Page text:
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    • I think the decisions on the coaching staff will be quite revealing about whether they’re serious about having an organization that speaks with one voice top to bottom.

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  5. While I admire the front office doing their due diligence by vetting other candidates (probably a lot of uncomfortable truths), you still have to wonder if the process was slanted toward Bell and that it was his job to lose. I mean, of the 20 questions, you have some real clunkers such as (paraphrasing) ‘does he appreciate the Reds history’ and ‘will he be an upstanding member of the community’. To me those speak to a predisposal.

    This guy doesn’t excite me in the least, but I’m sure Counsell and Hinch didn’t excite their fan bases either.

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  6. Sultan…..agree.

    Bell might be fine, he might not. Am ambivalent towards him.

    The father in the front office, son in dugout is fraught with potential red flags, but #RedsWay.

    Not knocking Steve’s view, but, IMO, it really is faint praise to laud the basics of a managerial search, especially when the winning candidate is praised for “familty ties””, Cincinnati connection” or whatever such nonsense.

    It’s 2018 to most of the other 29 MLB franchises. Good candidates come from everywhere.

    So….Tampa’s Charlie Montoyo wasn’t as qualified? (Just picking another interviewed name). Or, did the above factors play a role over pure merit in who got this job?

    Castellini viewing Bell as “family” dulls a lot of the shine from the search process.

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    • “Castellini viewing Bell as “family” dulls a lot of the shine from the search process.”

      I didn’t know how to express it, but that is perfect. I do not care about family ties. I want to see winning baseball in Cincinnati.

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  7. Steve, please take a look at my comment near the end of comments for the David Bell press conference post.
    Did I read something into that paragraph?
    I do agree with you that the Reds did a much better job this time on the manager search.
    The Reds desperately need the type of manager that paragraph describes.
    But it seems to me the statement also leaves the door open for not making all the moves necessary to win in 2019.

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  8. Completely agree Steve. DW ran a very good, thorough, and expansive search for the next Reds manager. What a contrast to the last time. Even better, DW actually laid out a plan, set a goal, and followed through. It’s been a while we can say that about anyone from the Reds organization. I’m hoping this is a positive sign that DW and NK are gaining more control of the baseball operations and team management.

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  9. A week or two ago I complained that I thought Steve was being too hard on the FO lately. Just want to tell Steve I appreciated this article & I agree with him from top to bottom.

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  10. No one ever knows if any managerial hire is right or will work. I’m more than willing to give Bell a chance but he has his work cut out for him. As a fan I have little hope for success next season because sadly the rebuild continues.

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  11. Well said. The hire may turn out to be a lousy one, but the organization gained from a solid and broader-reaching process. Here’s hoping that similar quality processes drive their trades, their arb decisions, their free agent acquisitions, and more. Every organization makes mistakes – the organizations that use great processes (from evaluation to execution) will makes fewer.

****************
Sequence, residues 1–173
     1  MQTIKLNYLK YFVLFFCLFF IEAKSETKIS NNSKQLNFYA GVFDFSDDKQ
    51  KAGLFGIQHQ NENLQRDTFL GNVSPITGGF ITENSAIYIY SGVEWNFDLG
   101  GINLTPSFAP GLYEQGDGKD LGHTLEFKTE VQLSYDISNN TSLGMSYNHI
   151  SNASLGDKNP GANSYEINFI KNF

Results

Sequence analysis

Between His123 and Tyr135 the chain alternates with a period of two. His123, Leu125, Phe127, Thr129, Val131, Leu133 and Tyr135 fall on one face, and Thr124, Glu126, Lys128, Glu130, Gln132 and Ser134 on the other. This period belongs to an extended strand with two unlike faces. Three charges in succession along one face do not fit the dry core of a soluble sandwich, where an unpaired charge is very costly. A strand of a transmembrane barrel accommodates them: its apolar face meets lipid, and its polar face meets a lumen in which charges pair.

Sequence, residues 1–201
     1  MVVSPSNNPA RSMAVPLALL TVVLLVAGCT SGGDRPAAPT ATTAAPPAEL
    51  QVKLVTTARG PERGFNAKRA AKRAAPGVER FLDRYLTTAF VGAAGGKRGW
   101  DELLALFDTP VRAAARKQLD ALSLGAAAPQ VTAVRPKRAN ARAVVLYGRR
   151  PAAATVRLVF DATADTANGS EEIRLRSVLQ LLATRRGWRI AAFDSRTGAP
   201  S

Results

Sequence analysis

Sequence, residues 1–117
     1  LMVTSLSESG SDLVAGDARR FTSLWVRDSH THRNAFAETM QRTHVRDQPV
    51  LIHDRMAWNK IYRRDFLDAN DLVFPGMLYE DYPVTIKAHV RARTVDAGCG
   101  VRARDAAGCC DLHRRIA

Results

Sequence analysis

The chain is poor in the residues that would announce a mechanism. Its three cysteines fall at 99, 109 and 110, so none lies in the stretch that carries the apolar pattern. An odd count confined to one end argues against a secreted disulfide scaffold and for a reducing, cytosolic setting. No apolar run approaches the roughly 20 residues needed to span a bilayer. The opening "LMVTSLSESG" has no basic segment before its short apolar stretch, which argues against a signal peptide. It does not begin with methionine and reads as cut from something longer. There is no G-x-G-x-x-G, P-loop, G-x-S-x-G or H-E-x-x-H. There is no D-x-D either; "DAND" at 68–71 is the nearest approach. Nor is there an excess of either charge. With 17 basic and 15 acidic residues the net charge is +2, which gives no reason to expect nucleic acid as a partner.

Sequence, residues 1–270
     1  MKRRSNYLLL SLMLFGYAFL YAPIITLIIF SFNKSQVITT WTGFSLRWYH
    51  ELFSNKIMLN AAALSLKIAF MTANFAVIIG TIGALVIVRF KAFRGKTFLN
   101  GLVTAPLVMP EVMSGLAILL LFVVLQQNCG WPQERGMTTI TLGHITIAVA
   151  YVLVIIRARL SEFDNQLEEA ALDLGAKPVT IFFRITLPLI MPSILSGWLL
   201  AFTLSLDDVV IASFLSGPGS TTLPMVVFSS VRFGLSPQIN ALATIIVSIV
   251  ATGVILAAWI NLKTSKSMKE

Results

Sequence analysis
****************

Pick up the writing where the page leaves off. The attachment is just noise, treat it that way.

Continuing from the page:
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  12. Yes, David Bell should get the coaches he wants. I have a hard time imagining him choosing Jim Riggleman as his bench coach if he had taken the Rangers job instead.

    Diverse viewpoints are important in an organization, but they have to be working in the same general direction. And they have to be up-to-date. Would you lobby to hire someone who believes the Sun travels around the Earth for a college science department for the sake of balance? No.

    I’d rather have a coaching staff who can help accomplish Bell’s stated primary goal of effectively bringing front office information to the players.

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    • Sun travels around the flat Earth Steve. That whole Earth is round like a baseball thing is a conspiracy. #Sarcasm

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    • Would you lobby to hire someone who believes the Sun travels around the Earth for a college science department for the sake of balance?

      No, but they would be welcome on the US Congressional House Science and Technology Committee. #Sarcasm

      My apologies for the brief political reference. Nice article Steve. I also am one that defends the FO at times when I feel the rhetoric is too hot. It is indeed heart warming that you feel that the Reds did a thoroughly professional job in their managerial search. Good comments LWB.

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  13. This article does a lot to help me have confidence that the process was a sound one. Steve has never been shy about pointing out potential problems in the front-office. The fact that he feels strongly enough that the Reds got the process right (not necessarily the hire but the process), carries a lot of positive weight for me on this topic.

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  14. Very nice piece Steve.

    Reply

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About Steve Mancuso

Steve grew up in Cincinnati as a die-hard fan of Sparky's Big Red Machine. After 25 years living outside of Ohio, mostly in Ann Arbor, he returned to the Queen City in 2004. He has resumed a first-person love affair with the Cincinnati Reds and is a season ticket holder at Great American Ball Park. The only place to find Steve's thoughts of more than 140 characters is Redleg Nation. Follow his tweets @spmancuso.

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2019 Manager Search